When do I even have time to breathe? (Part 1: @home)

I decided to write this post in real conditions both @home and @work, meaning:

  • @home: I have both my young children with me playing, crying and fooling around. I still have to prepare dinner, give them the bath and make them dine.
  • @work: I wrote the 2nd part of this post between two meetings

In between all these… when do I have time to breathe??? I bet this situation must be quite familiar for you, WOmums, right? J

Breathing is a quite complex process useful not only on a physiological level but also very linked t our emotions and feelings. When we feel stressed or aggressed we often feel it right away on our respiration.

This is why breathing with full consciousness is vital. Even though we all “know” how to breathe from birth, it can take a lifetime to breathe consciously.

Or, being able to create a breathing bubble – even for one or two minutes – during which you only focus on your breathing – is a great way to resource yourself even in a hectic environment.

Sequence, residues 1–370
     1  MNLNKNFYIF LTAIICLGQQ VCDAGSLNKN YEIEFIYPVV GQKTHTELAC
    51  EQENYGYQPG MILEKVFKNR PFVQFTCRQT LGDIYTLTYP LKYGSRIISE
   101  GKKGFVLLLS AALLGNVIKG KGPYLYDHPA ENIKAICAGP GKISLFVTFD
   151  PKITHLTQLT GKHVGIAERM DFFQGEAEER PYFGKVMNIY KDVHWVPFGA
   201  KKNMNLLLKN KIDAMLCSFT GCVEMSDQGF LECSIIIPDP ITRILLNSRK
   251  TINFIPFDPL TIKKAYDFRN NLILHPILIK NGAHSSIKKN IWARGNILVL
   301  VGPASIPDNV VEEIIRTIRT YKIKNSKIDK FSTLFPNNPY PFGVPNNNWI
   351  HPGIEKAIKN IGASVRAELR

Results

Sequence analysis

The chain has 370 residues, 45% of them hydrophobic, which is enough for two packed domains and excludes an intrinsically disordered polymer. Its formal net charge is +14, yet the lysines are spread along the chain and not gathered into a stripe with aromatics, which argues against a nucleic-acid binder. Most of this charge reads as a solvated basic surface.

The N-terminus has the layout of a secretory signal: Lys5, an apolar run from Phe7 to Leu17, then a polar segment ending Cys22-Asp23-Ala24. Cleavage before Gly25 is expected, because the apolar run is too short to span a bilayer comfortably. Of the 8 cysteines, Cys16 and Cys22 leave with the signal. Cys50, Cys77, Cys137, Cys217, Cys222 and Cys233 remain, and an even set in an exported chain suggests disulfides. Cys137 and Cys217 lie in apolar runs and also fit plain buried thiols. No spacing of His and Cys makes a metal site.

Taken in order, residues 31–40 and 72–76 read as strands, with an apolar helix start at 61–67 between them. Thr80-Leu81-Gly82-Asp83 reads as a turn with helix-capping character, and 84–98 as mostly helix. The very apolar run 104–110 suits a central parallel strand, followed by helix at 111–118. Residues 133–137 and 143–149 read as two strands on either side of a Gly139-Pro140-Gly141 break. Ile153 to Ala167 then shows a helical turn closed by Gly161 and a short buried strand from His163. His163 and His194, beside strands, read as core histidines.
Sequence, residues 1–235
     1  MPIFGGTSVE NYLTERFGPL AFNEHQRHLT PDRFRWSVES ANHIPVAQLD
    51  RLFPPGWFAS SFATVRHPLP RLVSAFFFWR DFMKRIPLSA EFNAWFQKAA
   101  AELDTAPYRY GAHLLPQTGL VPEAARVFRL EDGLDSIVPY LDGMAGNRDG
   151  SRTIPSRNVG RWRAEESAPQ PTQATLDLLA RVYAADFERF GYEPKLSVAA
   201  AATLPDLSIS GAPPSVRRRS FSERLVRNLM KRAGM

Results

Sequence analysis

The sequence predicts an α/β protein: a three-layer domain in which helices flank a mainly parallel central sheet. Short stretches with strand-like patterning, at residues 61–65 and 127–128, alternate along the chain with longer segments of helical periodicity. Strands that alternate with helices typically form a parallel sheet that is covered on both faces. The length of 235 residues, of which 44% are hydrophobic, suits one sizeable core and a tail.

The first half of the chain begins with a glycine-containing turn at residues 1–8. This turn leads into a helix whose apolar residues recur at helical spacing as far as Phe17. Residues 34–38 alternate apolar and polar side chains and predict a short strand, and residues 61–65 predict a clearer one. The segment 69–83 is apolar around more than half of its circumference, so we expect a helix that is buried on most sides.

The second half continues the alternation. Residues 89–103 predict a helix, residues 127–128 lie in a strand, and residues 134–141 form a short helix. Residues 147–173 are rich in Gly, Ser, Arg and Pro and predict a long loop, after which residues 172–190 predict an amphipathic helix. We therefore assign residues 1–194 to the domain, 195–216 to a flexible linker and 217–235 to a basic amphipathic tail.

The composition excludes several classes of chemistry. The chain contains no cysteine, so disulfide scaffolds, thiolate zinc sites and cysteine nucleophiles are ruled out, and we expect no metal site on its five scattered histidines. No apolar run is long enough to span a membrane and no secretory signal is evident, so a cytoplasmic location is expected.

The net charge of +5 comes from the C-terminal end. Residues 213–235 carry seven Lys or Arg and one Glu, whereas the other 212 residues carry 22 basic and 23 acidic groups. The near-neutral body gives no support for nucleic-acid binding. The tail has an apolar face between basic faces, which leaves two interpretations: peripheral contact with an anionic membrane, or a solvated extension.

And the more you can do this “on the spot” the better it is as you can manage to have several “breathing bubbles” a day. Warning! I’m NOT tallking about meditation but about breathing exercises (inspired from Ayurveda).

When I first started to do this I wasn’t yet a WOmum. My husband had bought me this book about the Art of breathing and I decided that, as I am not very fond of meditation, I’ll just use some of the breathing exercices that seemed useful to me during my day.

When I’m with my kids, my two favorite  exercises are :

  • The “Closing”: this is a very relaxing exercise as it is about “shutting all the gates”: Close your eyes, and your mouth, cover your ears with your hands and hold your breathing from 10 to 30 seconds.

When I feel overwhelmed with my kids’ demands and all the home work I do this exercises 3 to 5 times. It only takes a minute but I have the impression to teleport myself far away.

  • The Alternate breathing: this is a “cooling” exercise. You take a deep breath and shut one narine with your finger. You expire in this position and then you change the narine and the hand an to the same on the other side.

As my temper is quite choleric, I do this exercise when I feel that I’m too angry not to burst out. When done quite slowly (10 to 20 seconds / expiration) it calms me down very quickly.

These are two of my tips of staying calm even when the talking and yelling around me never seems to stop.

What I like about them is that when I hold my breath or I breathe very slowly, this really makes me aware of the fact that even 10 seconds can be a very long time. So 1 minute of conscious breathing seems like an entire age.

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